Finally, everyone's favorite, Vallonia, where people wring their hands saying 'isn't it a shame' as they compare pictures of the best pizza parlor on Ditmars in the 70s on the way to selling out mom's house. Their day is coming, too.

georgetheatheist said...

Back by popular demand! - not. Lucchese & Caliendo: the Steinway Mansion warehouse guys.

31 apartments and 10 parking spots on a postage stamp-sized lot?

And what's this "off-site" parking? The street?

Anonymous said...

The owner Salvatore Lucchese,is also one of the owners of the Steinway Mansion property. Parasites of Astoria.

Anonymous said...

Well, housing crisis!
JK. this is bulls**t.

Richard Stefan said...

interesting are they going to move the light pole too? there is not enough space in front for a driveway to go underground unless there is a back way in??????

Richard Stefan said...

or is it the house next door

Anonymous said...

Only 16 parking spots for 31 apartments in an area that already doesn't have enough parking? Sounds dodgy. What even is "off-site parking spaces"?

Tommy Efreeti said...

As annoying as this is to read about (and it is)...if the neighbors/community don't care...? It's the free market at work. Or does youse guise only like the free market blah blah when it suits you, ehhhh?

There was a burnt out hull of a one-family, detached house on a corner lot that sat un-fixed for 3-and-a-half years(!) around the corner from me in Elm (abandoned by people who couldn't pay their mortgage). It's being rebuilt - GASP, HORRORS - as a TWO family brick building. Could it have been built up to 3 stories, with at least four in there? Sure...but it wasn't, hurray. It would've been less fine if it was built up more, but not by much - 'cuz it's NOT the piddly four-and-under structures overly-densifying places. It's the high-rises. Which go up WHEN:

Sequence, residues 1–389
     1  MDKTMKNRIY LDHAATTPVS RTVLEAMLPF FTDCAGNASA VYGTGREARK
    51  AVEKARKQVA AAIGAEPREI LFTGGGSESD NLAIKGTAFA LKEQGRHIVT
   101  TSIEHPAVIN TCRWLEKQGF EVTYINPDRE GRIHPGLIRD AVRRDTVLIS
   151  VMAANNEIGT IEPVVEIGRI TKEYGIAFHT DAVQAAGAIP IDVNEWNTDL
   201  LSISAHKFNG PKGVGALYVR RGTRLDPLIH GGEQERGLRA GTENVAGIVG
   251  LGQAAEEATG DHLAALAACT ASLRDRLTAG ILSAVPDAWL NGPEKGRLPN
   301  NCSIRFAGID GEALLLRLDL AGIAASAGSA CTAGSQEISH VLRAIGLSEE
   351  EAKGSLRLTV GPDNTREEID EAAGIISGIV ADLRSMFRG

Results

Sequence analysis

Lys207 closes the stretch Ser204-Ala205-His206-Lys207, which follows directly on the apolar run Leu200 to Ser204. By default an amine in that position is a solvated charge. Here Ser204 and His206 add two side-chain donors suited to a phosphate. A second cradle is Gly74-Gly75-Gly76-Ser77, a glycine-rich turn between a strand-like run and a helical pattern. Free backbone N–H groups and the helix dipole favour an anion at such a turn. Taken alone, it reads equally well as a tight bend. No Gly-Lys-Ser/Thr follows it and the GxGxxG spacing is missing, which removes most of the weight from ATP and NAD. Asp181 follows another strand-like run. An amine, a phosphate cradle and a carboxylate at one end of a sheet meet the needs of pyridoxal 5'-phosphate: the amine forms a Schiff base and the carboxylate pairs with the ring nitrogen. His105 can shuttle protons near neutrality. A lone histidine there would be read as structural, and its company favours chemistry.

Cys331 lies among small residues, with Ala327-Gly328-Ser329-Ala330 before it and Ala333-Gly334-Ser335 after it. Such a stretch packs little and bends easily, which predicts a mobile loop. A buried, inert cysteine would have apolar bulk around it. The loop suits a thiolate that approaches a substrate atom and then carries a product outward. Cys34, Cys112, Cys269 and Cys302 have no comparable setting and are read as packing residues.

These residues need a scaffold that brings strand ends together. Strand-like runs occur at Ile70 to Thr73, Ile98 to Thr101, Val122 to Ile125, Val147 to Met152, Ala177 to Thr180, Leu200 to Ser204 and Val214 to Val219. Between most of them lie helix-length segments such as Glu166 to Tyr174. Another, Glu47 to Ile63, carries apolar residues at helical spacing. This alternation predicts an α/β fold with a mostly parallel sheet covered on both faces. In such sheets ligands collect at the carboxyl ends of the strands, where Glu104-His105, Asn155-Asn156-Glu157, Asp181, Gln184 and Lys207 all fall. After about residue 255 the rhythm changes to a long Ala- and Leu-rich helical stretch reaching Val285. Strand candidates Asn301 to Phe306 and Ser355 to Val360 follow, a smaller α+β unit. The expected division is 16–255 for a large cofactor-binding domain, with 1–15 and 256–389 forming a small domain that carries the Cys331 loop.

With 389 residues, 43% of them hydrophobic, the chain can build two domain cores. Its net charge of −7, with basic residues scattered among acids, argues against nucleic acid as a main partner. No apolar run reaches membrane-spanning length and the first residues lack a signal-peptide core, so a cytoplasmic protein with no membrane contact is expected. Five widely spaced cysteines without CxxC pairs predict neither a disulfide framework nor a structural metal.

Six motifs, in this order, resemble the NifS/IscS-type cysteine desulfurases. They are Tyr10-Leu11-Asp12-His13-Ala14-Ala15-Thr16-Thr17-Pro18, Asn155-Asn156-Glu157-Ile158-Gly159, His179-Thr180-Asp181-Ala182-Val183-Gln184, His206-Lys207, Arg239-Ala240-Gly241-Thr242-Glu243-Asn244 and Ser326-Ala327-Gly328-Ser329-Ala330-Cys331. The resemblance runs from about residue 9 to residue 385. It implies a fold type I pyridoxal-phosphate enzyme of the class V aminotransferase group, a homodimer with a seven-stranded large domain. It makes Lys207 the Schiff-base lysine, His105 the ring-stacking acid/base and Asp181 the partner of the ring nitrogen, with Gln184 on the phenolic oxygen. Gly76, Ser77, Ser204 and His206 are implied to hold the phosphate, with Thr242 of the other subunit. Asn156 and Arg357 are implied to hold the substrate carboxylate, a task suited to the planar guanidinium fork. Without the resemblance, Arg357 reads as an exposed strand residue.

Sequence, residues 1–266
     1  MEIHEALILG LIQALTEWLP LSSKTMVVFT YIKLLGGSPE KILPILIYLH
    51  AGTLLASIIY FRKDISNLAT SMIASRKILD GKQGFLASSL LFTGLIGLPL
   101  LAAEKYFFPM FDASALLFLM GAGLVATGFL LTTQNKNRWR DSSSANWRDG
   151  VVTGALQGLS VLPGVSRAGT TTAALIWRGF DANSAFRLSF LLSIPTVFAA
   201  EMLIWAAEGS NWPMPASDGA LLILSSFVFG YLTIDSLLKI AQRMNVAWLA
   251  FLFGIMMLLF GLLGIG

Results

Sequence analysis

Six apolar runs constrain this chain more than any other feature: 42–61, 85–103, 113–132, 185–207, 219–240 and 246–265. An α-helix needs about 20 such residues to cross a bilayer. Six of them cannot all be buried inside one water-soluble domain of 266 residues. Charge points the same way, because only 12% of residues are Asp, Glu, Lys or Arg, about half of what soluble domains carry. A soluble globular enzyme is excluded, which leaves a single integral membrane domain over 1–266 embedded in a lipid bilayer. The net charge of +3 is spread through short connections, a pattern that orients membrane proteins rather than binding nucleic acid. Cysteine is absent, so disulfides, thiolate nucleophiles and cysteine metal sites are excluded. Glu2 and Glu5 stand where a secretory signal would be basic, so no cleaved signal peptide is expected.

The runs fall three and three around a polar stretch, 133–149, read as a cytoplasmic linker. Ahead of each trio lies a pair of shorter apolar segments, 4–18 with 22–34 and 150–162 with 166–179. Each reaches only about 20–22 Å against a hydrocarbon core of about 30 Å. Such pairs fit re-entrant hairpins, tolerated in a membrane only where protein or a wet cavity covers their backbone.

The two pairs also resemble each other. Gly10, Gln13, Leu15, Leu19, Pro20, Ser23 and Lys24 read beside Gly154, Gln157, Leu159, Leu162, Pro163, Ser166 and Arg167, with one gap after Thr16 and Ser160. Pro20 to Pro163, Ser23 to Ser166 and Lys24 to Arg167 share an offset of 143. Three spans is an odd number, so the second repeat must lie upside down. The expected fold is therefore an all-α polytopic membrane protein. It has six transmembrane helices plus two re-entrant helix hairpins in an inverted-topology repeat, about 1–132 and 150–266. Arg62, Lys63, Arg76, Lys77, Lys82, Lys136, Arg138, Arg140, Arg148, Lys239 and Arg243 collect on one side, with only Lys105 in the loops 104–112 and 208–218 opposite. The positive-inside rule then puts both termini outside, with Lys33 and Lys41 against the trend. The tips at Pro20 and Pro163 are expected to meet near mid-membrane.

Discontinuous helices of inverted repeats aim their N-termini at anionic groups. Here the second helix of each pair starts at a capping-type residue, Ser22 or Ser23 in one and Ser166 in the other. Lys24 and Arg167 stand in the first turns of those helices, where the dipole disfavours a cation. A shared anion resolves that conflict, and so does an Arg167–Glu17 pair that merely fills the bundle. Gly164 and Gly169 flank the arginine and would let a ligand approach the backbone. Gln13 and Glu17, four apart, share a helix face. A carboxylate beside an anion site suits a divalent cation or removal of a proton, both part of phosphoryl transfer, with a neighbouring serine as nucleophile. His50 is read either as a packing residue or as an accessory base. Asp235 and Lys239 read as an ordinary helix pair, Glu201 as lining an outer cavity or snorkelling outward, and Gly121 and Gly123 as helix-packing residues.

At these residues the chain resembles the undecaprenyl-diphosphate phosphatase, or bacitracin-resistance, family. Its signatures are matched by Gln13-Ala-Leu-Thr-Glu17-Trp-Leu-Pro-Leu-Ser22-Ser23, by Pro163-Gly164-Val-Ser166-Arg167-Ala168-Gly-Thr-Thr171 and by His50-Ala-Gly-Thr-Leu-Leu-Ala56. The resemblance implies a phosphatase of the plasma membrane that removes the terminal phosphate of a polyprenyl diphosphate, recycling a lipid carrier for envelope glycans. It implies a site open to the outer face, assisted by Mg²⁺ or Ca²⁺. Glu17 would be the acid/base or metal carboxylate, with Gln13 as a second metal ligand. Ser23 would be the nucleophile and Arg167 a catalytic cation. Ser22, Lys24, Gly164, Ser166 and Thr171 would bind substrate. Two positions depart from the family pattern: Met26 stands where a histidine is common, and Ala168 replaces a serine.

1) Somebody sells.

2) Somebody buys.

3) Repeat until you've got two or more adjacent lots, just like MONOPOLY!

I've recently learned to my wry amusement that almost nearly all of my older, middle-class, nearing-retirement neighbors living in their humble homes actually second and third homes all up and down my street. It's smart..and none of them seem to have any plans to build anything up...just rent those one-family homes out at a sweet price. It comes down to the kind of people who move in and buy places up...versus those who live there long-term.

But ultimately, it's all up to what the owner decides to do. You don't own it, neither do I, so we don't get to bitch abouddit- and if you wanna, den whydoncha buy it instead, and keep it the way it is, and be happy paying the property tax anyway?

In our society you have no control over what you neighbor decides to do with his place, beyond trying to alter his value perception of the place through persuasion or protest, neither of which really works consistently. So unless you want to turn the outer boroughs into some kind of giant HOA, that's the breaks...for better or worse.

Anonymous said...

25-22 is the sliver in between both homes.
I’m so glad your all back. GTA did you digital SLR yet?

Anonymous said...

It's not just the 'little house on the right'. It's both houses being combined into one lot and both have already been razed. Those houses were never particularly well kept and no one is going to miss them. I'm no fan of over-development but anything they build there will look better that what was once there. For the preservation-minded there are plenty of other things to think about. Like what will happen to the Riker House? Will it meet the same sad fate of Steinway Mansion?

JQ LLC said...

Last anons thanks for the corrections and the eyewitness updates.

That building will still be too much.

Anonymous said...

Naw, the problem is the community and the community's politicians as well as the community board they appoint (Jerry is on it BTW). 

No the city ALWAYS allows what it wants anyway. The city turns a blind eye to everything that goes on no matter how hard you protest.